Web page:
Tear film lipid layer spread is proving to be an important clinical indicator of dry eye severity, as evidenced by two studies being presented this morning at ARVO 2019 in Vancouver.
A Tool for Disease Severity
In the first study, Japanese researchers enrolled 149 patients (149 eyes), including healthy eyes and those with dry eye (20 male, 129 female; mean age 61.9 years).1 They recorded interference images of the tear film lipid layer with a tear interferometer. They then evaluated the lipid layer and calculated the average value of maximum and minimum distances from the lowest margin of the lipid layer spread following the cessation of the upward spread after the eye opened. The study looked at the tear meniscus radius, noninvasive tear film break-up time (NTBUT), fluorescein break-up time, corneal-epithelial damage scores (with a 15-point maximum), conjunctival epithelial damage scores (with a six-point maximum) and the Schirmer 1 test. Investigators then correlated the findings with tear film lipid layer spread distance.
The study found tear film lipid layer spread distance was significantly and positively correlated with the tear meniscus radius, Schirmer 1 test, NTBUT and fluorescein noninvasive breakup time. Researchers also reported tear film lipid layer spread distance was negatively correlated with corneal-epithelial damage and conjunctival-epithelial damage.
The findings of this study showed tear film lipid layer spread distance was significantly correlated with the quantitative and qualitative parameters for tear film and the ocular surface epithelium, researchers noted. Additionally, they suggested tear film lipid layer spread distance could be a clinically useful and simple method for evaluating the severity of dry eye.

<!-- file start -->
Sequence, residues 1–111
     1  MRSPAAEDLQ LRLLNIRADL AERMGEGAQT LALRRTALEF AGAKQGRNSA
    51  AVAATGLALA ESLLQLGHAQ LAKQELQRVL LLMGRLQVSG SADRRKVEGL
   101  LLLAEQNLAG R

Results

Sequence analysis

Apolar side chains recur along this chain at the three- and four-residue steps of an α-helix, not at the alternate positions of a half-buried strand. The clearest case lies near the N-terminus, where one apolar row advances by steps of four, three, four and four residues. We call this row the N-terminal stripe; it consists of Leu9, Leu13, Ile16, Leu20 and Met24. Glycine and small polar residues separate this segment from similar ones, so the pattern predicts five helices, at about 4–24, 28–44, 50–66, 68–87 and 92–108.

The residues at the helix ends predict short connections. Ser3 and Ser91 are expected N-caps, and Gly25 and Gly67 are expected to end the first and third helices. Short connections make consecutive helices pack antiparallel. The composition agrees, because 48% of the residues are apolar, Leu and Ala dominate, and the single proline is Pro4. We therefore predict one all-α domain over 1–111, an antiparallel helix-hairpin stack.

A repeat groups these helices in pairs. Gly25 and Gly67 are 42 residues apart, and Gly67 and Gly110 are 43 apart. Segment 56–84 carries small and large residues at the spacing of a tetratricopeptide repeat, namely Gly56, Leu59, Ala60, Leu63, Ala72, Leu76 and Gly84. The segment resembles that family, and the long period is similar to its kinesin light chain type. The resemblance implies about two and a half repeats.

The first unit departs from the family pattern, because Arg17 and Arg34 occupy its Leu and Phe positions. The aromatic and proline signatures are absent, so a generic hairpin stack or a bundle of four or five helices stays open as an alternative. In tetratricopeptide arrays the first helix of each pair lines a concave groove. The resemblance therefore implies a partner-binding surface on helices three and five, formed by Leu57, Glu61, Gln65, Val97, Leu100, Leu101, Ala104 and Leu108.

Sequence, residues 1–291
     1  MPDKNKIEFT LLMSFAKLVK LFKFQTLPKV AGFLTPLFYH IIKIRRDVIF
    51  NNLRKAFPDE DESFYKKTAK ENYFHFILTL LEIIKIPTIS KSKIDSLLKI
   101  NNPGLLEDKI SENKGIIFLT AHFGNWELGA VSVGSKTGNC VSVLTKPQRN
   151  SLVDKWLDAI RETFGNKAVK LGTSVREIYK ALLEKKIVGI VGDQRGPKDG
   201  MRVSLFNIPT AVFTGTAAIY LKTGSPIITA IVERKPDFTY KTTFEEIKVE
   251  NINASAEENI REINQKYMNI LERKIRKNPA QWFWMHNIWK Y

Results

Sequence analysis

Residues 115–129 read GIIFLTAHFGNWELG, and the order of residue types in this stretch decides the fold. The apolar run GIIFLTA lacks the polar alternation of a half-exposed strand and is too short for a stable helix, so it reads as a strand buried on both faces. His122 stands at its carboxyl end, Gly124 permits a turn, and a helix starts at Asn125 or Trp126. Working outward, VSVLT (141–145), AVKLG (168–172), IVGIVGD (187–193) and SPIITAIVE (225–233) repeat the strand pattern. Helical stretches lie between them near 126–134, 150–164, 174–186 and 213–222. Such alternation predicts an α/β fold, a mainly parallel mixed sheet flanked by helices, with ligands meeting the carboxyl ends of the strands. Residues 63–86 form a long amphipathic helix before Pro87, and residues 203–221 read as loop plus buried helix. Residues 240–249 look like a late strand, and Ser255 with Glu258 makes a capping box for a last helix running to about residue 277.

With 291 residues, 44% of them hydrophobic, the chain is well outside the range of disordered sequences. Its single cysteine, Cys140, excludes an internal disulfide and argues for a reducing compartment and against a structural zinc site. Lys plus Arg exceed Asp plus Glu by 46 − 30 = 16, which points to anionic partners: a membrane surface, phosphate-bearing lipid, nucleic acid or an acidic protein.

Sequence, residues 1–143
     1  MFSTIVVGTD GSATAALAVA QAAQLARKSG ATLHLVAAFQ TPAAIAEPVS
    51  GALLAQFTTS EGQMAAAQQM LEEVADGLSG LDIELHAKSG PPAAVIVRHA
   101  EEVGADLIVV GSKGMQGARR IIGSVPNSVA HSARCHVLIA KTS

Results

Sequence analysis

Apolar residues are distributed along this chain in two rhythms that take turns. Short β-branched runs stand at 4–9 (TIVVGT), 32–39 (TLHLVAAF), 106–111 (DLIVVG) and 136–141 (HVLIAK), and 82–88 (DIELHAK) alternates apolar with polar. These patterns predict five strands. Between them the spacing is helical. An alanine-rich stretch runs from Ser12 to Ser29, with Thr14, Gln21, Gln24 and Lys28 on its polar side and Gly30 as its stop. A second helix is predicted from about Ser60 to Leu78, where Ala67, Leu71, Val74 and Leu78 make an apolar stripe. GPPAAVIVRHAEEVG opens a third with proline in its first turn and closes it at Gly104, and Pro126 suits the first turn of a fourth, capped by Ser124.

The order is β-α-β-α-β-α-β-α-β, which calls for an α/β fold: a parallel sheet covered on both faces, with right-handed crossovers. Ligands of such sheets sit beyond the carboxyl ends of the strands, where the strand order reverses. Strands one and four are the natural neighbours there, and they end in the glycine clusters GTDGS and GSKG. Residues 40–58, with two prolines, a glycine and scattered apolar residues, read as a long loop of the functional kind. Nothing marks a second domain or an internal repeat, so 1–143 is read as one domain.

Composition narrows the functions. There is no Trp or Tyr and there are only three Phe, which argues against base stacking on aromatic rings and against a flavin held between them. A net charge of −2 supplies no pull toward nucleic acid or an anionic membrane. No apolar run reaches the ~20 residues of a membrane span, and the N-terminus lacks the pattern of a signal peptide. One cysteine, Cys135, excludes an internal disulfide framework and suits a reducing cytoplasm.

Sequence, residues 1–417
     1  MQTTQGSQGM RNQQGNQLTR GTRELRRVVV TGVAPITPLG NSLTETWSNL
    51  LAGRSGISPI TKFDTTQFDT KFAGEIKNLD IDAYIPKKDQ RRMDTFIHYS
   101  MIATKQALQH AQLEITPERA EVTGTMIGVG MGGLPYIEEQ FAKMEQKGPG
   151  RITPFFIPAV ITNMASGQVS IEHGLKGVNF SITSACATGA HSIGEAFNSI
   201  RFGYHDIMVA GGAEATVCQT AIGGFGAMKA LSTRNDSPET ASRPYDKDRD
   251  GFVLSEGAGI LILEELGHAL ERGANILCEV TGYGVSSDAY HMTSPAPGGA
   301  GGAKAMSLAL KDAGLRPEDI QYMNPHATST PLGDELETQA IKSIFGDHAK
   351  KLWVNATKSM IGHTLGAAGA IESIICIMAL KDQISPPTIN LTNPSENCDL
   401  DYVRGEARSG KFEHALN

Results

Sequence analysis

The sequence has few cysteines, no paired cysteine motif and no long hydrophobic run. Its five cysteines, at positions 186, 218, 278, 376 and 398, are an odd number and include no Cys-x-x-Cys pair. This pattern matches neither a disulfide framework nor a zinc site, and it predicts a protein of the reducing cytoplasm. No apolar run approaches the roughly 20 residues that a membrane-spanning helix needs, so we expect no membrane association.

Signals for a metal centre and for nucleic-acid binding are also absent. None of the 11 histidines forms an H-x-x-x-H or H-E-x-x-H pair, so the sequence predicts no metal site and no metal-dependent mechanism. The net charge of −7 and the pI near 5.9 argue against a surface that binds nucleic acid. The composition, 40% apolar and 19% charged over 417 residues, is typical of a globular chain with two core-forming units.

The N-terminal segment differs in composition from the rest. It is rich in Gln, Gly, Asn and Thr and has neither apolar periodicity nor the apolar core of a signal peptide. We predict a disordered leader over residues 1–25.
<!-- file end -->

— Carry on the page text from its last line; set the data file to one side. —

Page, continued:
“Evaluating the tear film lipid layer spread distance is a likely a good surrogate for grading severity, as it is significantly correlated with the quantitative and qualitative parameters for tear film and the ocular surface epithelium,” says Joseph Shovlin, OD, of Northeastern Eye Institute in Scranton, PA. “In clinical practice we are always looking for new metrics to evaluate in DED. Tear film lipid layer spread distance measures seem to be a simple and useful way of evaluating DED severity.”
Revealing the Worst
The second study investigated whether tear film lipid layer spread could be an indicator for determining the severest form of aqueous tear deficient dry eye.
This investigation included 61 eyes of 61 subjects with no meibomian gland dysfunction and who presented with incomplete upward tear film lipid layer spread after the eye was opened. The researchers also used a tear interferometer to record the images. The eyes were subclassified into two groups based on the amount of observable lipid layer within a 6.8mm x 8.8mm area of the cornea: group A included incomplete, yet observable upward tear film lipid layer spread (23 eyes), and group B had 39 eyes with no observable incomplete upward tear film lipid layer spread.
Researchers assessed dry eye-related symptoms in the two groups by using the Visual Analog Scale, the Dry Eye Related Quality of Life Score, tear meniscus radius, NTBUT, fluorescein break-up time, corneal epithelial damage scores (15-points maximum), ocular surface epithelial damage scores (nine-point maximum) and the Schirmer 1 test.
Compared with group B, group A showed significantly greater symptoms including dryness, difficulty in opening the eye, lower NTBUT and fluorescein break-up time values and higher corneal epithelial damage and ocular surface epithelial damage scores.
Researchers noted there were no significant differences between the groups in tear volume parameters measured by the tear meniscus radius and the Schirmer 1 test. Additionally, 29% of group B eyes were treated with eye drops alone (no punctal plugs), yet 95.7% of the group A eyes required punctual plugs for proper treatment.
Noninvasive assessment of the upward tear film lipid layer spread can be a possible indicator for evaluating the severest form of aqueous tear deficient dry eye, the investigators said.2
“Patients with an incomplete upward spread may be better candidates for punctal occlusion due to the severity of their aqueous-deficient DED once inflammation has been controlled,” Dr. Shovlin adds.
1. Komuro A, Yoko N, Kato H, et al. A simple and useful clinical method for evaluating the severity of dry eye. ARVO 2019. Abstract 6787 -B0311.
2. Yoshikawa Y, Yokoi N, Kato H, et al. Tear film lipid layer spread—a possible indicator for evaluating the severest form of aqueous tear deficient dry eye. ARVO 2019. Abstract 6789-B0313.